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Having a Thick Skin

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I have a thick skin in some ways, but in others I'm as thin as they come. I'm like a jellyfish really, all slime and wiggle, looking for an out. I suppose it could be worthwhile to never take things personally; however, I strive for balance in most things and even though I rarely achieve it, it seems to me that never caring about someone else's opinion is hardly a healthy route.

Having a thick enough skin to be able to take a joke is different than having a skin so thick you can't feel a thing if you see a child crying, an animal suffering or your loved one in pain over something wordless and vague.

Is our cultural insensitivity a balm against wanting too much friendship, acceptance, approval and loyalty? Have we opted instead for cold, calculated, emotionless interactions as our higher standard?

In my last job, my higher up would continually tell the entire staff, during bi-monthly meetings, that if we had personal issues we needed to put them aside, and that if we didn't have our "game face" on and our "all right" attitude, we were going to be going down the wrong path as far as he was concerned. I understood; I soldiered up and heard the validity of his point.

However, the nagging question remains: How thick of a skin must we develop before we feel so alienated and cut off at our jobs and at home that we don't recall the purpose of our own existence any longer?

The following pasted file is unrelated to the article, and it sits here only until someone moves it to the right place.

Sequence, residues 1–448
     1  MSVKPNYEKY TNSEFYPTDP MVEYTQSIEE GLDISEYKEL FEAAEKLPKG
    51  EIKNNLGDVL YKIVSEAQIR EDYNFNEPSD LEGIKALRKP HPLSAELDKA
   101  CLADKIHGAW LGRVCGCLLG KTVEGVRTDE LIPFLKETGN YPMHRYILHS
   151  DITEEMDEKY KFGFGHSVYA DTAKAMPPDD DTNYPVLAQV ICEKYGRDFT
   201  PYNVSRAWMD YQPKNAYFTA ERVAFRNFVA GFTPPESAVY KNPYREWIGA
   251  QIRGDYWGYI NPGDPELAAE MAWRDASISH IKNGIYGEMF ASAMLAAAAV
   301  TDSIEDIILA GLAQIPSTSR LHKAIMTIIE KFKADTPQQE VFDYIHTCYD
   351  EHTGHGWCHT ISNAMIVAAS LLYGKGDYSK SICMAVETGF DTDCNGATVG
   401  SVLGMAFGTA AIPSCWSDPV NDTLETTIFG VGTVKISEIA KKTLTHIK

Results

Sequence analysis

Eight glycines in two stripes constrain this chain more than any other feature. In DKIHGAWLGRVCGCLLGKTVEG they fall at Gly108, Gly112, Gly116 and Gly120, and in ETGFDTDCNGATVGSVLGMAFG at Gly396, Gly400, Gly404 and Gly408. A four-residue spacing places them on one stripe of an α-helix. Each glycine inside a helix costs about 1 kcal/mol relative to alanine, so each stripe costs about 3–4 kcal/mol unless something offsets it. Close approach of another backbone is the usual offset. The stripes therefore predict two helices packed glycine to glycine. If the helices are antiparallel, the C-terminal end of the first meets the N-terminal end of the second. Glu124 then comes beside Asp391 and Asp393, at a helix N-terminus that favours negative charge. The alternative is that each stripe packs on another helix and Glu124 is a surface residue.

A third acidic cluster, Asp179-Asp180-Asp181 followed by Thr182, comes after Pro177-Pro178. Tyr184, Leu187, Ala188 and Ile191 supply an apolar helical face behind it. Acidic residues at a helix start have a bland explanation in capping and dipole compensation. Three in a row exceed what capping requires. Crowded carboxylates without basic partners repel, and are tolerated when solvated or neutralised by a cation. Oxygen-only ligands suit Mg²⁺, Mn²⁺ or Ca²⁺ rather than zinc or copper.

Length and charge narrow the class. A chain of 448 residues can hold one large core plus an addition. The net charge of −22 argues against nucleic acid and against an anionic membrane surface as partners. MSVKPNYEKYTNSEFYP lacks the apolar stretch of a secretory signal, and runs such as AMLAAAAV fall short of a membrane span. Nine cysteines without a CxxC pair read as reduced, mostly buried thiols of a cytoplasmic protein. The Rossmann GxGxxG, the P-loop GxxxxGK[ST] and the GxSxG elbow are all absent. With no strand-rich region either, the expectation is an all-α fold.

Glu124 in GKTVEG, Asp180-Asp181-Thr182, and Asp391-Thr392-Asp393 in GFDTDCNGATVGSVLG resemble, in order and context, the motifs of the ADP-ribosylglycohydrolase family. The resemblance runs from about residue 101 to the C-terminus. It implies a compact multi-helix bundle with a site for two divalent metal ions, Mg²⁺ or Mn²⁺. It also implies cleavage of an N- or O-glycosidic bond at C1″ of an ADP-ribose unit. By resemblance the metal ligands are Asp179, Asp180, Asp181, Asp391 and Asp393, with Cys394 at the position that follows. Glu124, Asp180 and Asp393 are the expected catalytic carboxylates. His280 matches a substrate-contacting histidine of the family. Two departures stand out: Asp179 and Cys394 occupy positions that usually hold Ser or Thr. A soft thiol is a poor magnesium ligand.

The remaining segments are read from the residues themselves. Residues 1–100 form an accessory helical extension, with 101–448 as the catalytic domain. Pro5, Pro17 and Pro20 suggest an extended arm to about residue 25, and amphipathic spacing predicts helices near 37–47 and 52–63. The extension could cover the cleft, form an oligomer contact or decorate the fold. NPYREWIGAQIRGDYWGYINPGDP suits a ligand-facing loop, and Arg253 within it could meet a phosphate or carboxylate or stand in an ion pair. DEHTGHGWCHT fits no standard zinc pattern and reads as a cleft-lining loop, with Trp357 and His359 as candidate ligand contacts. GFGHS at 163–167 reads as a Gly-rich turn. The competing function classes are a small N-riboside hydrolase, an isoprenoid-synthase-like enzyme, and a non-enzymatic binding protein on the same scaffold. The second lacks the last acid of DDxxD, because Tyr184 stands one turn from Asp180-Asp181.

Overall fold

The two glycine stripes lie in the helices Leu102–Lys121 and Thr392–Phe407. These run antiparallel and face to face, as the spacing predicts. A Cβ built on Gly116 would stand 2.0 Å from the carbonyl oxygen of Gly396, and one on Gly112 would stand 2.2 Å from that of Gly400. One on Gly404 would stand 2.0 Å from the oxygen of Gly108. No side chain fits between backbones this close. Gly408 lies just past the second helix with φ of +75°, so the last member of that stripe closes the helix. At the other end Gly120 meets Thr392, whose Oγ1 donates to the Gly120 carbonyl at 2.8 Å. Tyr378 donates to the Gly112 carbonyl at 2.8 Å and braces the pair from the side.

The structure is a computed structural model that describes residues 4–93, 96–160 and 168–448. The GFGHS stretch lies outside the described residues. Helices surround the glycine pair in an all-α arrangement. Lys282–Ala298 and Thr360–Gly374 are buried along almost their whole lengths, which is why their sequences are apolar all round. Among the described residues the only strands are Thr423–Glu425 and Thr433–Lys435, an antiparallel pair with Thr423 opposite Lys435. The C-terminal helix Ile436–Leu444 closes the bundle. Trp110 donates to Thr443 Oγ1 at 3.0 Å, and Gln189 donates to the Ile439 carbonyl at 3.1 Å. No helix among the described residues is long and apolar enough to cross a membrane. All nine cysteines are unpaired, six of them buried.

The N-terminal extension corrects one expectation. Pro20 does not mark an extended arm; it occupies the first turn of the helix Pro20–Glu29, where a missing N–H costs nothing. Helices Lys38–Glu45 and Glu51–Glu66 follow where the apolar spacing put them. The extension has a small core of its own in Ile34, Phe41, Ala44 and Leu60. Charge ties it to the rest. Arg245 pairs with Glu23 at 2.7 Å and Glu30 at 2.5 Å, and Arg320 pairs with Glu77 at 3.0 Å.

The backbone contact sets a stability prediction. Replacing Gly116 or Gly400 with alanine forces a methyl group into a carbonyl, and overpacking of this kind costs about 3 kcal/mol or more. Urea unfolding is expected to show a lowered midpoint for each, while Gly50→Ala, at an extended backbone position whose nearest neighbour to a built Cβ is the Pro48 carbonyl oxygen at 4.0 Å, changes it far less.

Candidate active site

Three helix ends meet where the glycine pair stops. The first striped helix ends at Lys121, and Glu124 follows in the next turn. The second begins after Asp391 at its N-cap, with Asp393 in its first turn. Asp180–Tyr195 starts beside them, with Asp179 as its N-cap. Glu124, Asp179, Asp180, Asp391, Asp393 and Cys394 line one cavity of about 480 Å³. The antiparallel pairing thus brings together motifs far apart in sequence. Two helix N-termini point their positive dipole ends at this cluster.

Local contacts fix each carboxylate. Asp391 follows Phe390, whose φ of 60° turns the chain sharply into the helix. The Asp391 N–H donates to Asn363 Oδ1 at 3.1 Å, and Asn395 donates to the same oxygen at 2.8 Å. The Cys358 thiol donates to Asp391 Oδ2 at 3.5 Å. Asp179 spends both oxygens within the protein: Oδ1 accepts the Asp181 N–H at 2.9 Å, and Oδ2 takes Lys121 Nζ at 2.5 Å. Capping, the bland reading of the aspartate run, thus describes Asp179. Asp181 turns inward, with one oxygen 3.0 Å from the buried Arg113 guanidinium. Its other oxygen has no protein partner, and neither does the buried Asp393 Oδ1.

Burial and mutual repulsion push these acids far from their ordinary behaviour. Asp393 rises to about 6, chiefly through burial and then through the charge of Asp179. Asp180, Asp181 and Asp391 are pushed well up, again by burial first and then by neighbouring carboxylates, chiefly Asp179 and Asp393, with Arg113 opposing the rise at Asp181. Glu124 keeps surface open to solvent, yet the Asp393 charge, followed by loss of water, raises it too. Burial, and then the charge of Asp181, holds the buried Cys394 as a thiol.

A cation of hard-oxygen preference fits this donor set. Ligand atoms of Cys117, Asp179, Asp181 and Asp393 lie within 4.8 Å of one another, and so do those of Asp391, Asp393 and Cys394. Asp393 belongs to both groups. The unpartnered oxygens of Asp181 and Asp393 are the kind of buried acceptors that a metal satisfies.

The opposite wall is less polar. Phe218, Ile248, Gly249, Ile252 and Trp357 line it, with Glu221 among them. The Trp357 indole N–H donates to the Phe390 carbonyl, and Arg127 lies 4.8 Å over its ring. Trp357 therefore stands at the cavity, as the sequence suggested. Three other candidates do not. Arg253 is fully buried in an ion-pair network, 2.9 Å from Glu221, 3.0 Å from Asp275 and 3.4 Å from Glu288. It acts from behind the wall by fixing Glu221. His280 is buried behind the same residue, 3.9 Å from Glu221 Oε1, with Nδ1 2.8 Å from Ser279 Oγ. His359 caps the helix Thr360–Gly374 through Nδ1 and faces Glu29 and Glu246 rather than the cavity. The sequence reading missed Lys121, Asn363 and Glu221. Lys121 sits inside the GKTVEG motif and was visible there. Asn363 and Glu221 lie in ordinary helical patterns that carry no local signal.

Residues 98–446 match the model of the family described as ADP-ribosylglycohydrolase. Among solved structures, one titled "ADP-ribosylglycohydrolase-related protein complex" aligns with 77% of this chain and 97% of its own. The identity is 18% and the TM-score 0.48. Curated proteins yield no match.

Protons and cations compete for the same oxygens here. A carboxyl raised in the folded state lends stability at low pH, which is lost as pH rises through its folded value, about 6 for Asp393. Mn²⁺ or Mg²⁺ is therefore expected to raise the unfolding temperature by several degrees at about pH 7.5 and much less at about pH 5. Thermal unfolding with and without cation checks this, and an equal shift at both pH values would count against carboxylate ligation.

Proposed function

The advent of social networking seems to me like a giant water cooler moment. A venting phenomenon where people let their skins be the right density, perhaps going a bit too far with all the personal information in a backlash against keeping their personalities on lock down for so many years.

Endless hours of productivity are wasted at job after job while people complain and vent and nag and gripe about the state of their workplace. Even those with the thickest of skins engage in this behavior. Why? Because keeping up appearances day after day is thoroughly exhausting and people need a sense of knowing who they are by bouncing their authentic feelings off of others and dropping the false self or the "thick skin" for awhile.

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We value and respect our HERWriters' experiences, but everyone is different. Many of our writers are speaking from personal experience, and what's worked for them may not work for you. Their articles are not a substitute for medical advice, although we hope you can gain knowledge from their insight.

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